Can a Temporary Separation Make a Relationship Stronger?

“Do you think we should separate” is a question I frequently get asked during early marriage counseling sessions. Most frequently, couples who are tired of what feels like constant strife ask this question. They desperately need a break and are unsure whether being away will make things less tense.

It’s never an easy choice to decide whether a couple should end their relationship. When it comes to coexisting peacefully after experiencing hostile circumstances, there are two sides to the coin. The first is that a breakup may in fact provide each person space to calm down, shift their focus from emotionally charged thinking to rational decision-making. Each spouse could benefit from some alone time to consider their own shortcomings in the marriage and what they could do.

As a result of feeling relieved, one or both partners may mistakenly believe that divorce is the only option available to help put an end to the lunacy. On the other hand, a separation may merely serve to increase the distance between the couple. In this situation, separating can be a quick method to end a relationship and prevent partners from putting in the effort necessary to resolve their problems.

The Prevention of Separation

Here are three actions a couple that is having a lot of conflict and frustration in their marriage should take before deciding to separate.

1. Third-party intervention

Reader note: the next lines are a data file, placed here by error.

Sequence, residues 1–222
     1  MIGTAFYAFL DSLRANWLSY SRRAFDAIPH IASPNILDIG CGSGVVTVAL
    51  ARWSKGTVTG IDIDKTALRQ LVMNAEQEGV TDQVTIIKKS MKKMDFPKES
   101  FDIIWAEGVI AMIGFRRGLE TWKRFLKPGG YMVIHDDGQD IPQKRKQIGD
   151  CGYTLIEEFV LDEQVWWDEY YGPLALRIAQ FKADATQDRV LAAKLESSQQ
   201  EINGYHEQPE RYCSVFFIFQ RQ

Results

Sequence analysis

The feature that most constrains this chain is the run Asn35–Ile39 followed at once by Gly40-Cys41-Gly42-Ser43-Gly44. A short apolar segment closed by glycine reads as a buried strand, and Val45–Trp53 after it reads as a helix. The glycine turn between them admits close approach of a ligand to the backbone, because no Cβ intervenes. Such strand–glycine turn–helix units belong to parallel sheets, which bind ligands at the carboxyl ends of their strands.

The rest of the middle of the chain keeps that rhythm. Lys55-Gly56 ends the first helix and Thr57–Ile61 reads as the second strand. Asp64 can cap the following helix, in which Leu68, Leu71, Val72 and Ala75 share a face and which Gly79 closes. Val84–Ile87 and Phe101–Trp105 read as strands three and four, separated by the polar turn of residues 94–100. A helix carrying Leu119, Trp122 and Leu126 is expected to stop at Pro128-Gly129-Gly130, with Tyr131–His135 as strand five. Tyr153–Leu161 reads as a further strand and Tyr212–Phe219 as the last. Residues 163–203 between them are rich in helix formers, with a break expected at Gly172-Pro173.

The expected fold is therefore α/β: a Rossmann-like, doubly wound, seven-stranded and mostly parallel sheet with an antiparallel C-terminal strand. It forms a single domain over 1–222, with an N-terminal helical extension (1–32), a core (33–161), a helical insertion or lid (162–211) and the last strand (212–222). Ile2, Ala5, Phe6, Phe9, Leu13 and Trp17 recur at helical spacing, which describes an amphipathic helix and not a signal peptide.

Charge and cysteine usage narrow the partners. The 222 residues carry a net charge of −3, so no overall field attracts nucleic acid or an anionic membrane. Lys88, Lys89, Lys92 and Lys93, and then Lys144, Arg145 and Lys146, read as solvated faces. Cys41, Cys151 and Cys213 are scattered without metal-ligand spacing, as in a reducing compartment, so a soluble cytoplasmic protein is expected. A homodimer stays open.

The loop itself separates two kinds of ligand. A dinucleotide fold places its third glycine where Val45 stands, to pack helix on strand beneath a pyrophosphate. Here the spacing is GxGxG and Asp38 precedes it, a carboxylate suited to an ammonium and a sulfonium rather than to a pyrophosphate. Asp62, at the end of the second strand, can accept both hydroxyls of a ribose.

Finding a seasoned therapist with experience working with troubled marriages should be your first move. You can learn how to deal with important concerns, deal with emotional suffering, and start the process of reconnecting with the proper counselor. It is quite challenging to see answers to our relationship problems when we are battling it out in the trenches. At that point, an unbiased, nonjudgmental counselor can assist you in sorting through the clutter and begin constructing a safe sanctuary.

2. Practice the fruit of the spirit

I always emphasized to couples the necessity “to be gentle with one another” when they decide to work on their relationship, especially in the beginning when the partnership is not stable. When a marriage is recovering, it is crucial to act with kindness and patience in order to foster an atmosphere where resentment can fade and love can reemerge. Galatians 5:22–23 is an excellent illustration of the kind of behavior that spouses should model for one another.

A change in attitude is necessary to alter the course of a failing marriage. It entails moving past the shortcomings that have, for far too long, served as the foundation of your marriage and instead seeking to identify and appreciate the many gifts that exist in your union and in your personal life.

3. Consider your legacy

You probably didn’t consider divorce as a backup plan when you got married. No, you most likely believed you had begun a journey that would last the rest of your life because you took the vow of “now and forever” extremely seriously. However, your marriage isn’t exactly living up to your expectations, so maybe it’s time to leave the stage.

But is that the tarnish you truly want to sport? that your relationship was unsuccessful? What happens if you have kids? Do you want children to think that marriage isn’t a lifetime commitment, but rather something you can end the day you decide you’re not pleased with?

Or maybe you want to try everything you can to save your marriage so that one day when your adult child comes to you and says their marriage is having problems, you can show them what perseverance and hard effort can accomplish in saving a marriage.

Separation is the best option on occasion.

It should be noted that there is one situation—when one partner is a victim of emotional, physical, or sexual abuse—in which separation should be supported. A separation is necessary while the abusive partner obtains the support he or she requires to quit their abusive behaviors since no one should have to live in those conditions.